(ROCKFORD ADVOCATE) – The current spike in COVID-19 cases in several American states is not taking the shape of the first wave that hit the U.S. earlier this year, according to doctors.
Officials at the University of Pittsburgh Medical Center say the majority of cases they are seeing are young people, not the vulnerable population that was ravaged by coronavirus during the first four months of the pandemic.
“Our testing data indicates these cases are largely linked to younger people who contracted the virus while traveling or while socializing without masks or proper distance,” Dr. Graham Snyder, UPMC Medical Director of Infection Prevention, said at a news conference Thursday.
The findings further indicate that while the country is seeing more daily cases–more than 63,000 Thursday, the number of severe cases is is significantly lower than when the virus was sweeping through elderly and medically vulnerable populations.
In Allegheny County Thursday, there were 158 new cases, 12 hospitalizations and no deaths.
The University of Pittsburgh School of Medicine, in April, announced it has created a potential coronavirus vaccine, one that would be administered through a patch on the skin. The vaccine has shown positive effects in mice and is believed to be doable in humans.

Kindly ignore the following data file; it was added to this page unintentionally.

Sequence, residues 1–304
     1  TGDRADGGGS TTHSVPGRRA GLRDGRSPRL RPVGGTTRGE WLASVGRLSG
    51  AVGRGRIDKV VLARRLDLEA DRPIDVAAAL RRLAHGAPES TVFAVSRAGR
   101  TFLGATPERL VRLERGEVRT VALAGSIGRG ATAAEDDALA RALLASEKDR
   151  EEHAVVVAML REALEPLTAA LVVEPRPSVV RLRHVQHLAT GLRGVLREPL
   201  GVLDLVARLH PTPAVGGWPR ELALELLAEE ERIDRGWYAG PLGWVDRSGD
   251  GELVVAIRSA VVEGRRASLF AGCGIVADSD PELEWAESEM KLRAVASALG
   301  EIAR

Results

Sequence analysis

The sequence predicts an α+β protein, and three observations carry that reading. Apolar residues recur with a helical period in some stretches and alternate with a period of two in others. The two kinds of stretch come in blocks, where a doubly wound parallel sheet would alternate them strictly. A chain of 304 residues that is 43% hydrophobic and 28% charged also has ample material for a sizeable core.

“We had previous experience on SARS-CoV in 2003 and MERS-CoV in 2014. These two viruses, which are closely related to SARS-CoV-2, teach us that a particular protein, called a spike protein, is important for inducing immunity against the virus. We knew exactly where to fight this new virus,” said co-senior author Andrea Gambotto, M.D., associate professor of surgery at the Pitt School of Medicine. “That’s why it’s important to fund vaccine research. You never know where the next pandemic will come from.”
Human trials are pending FDA approval.
As of this report, there have been 3.2 million cases of coronavirus disease, including 136, 136 deaths in the United States, with New York the hardest hit. New York has seen more than 425,000 cases and 32,343 COVID-19-related fatalities, according to numbers released by local and state health officials.